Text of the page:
Private home prices in Singapore could remain flat or decline by up to three percent next year.
Singapore home prices that are expected to increase by as much as 10 percent this year could remain flat next year or decline by up to three percent, according to estimates from property brokers compiled by Bloomberg.
Home sales, which fell behind 2017 levels this year, are also expected to reach below that mark next year.
The pace of residential property price hikes is slowing following the government’s introduction of new property cooling measures in July. The curbs were prompted after prices climbed about seven percent during the first six months of 2018, on the back of aggressive land bids from developers and en bloc sales.
New rules limiting the number of “shoe-box sized” apartments that developers can build as well as anti-money laundering safeguards restricting builders, also pose further constrictions.
“The market has come to a standstill,” said Knight Frank’s Singapore research head Lee Nai Jia. “The government is unlikely to introduce additional curbs or rollbacks as the market is stabilising.”
The government’s constant tweaking of rules and taxes related to the property market is a concern for home builders, said Smartkarma analyst Tan Kok Keong. It could raise developers’ cost while reducing the city-state’s appeal for international players.
The government, however, believes that it needs to intervene to prevent a bubble from forming. In fact, private home prices may have increased by up to 15 percent this year had it not acted, said National Development Minister Lawrence Wong in a speech last month.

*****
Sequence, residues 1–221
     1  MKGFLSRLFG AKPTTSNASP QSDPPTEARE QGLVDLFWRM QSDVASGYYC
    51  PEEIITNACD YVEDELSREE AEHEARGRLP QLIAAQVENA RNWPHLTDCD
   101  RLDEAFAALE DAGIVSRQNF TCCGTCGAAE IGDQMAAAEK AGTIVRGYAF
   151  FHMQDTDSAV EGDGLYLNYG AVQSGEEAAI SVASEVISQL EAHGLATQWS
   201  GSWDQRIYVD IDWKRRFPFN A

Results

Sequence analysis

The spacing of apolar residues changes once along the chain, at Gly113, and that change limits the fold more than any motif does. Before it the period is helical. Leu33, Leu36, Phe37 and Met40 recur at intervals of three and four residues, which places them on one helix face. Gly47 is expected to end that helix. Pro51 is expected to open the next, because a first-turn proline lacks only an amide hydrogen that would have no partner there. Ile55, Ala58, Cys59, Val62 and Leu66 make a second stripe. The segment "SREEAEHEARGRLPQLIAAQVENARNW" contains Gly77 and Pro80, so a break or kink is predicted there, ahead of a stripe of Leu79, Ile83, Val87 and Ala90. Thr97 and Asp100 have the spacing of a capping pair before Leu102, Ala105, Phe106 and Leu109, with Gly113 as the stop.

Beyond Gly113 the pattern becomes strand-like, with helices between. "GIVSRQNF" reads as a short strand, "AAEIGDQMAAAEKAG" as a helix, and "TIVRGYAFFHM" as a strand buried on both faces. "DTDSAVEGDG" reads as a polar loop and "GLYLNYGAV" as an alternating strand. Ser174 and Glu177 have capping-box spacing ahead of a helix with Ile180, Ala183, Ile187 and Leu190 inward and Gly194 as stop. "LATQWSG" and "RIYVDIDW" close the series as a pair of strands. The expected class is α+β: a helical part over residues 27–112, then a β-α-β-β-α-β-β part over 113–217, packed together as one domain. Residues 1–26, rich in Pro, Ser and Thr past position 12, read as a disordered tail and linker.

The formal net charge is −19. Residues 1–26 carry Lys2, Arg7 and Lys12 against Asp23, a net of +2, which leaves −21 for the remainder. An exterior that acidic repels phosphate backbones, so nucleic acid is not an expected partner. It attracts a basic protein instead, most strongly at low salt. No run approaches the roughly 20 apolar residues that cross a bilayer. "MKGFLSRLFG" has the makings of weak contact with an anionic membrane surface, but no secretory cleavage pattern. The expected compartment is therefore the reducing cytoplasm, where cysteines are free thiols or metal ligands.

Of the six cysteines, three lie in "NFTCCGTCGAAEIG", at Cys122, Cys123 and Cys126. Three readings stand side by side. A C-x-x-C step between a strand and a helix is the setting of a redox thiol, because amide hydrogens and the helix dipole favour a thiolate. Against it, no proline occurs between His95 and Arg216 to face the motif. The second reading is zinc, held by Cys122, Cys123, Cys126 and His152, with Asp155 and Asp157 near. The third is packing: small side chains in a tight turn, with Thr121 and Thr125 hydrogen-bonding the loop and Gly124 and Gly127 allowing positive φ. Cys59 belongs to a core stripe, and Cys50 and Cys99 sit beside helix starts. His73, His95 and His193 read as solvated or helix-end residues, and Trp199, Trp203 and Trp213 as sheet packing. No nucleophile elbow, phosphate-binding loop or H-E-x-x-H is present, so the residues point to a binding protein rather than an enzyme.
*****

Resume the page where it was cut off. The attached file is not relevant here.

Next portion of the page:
“Let me be very clear that the government cannot and will not take a hands-off attitude to the property cycle…So there should not be any surprise when we intervene in the market, because that is our approach and attitude.”
In its annual financial stability review in November, the Monetary Authority of Singapore noted that a sharp property price hike, if left unchecked, may have run ahead of economic fundamentals while increasing the risk of destabilising correction later.
“Had the government not introduced the additional curbs, this bull run in the residential market would have continued for three years,” said ZACD Group executive director Nicholas Mak. In a best case scenario, prices are expected to remain flat next year, although declines of up to three percent may also occur, he said.
Developers’ aggressive land bidding are also forecasted to drop in 2019. CBRE revealed that en bloc sales totalled $10.8 billion from 37 transactions so far this year. CBRE Singapore research head Desmond Sim expects that to decline by about one-tenth in 2019.
“Given the sizable supply pipeline from public land tenders and private collective sale sites accumulated before the curbs, developers are likely to be more cautious,” said Colliers International Singapore research head Tricia Song. As such, developers are expected to “pace out their launches to ensure the market remains sustainable in the coming year”.
Romesh Navaratnarajah, Senior Editor at PropertyGuru, edited this story. To contact him about this or other stories, email email@example.com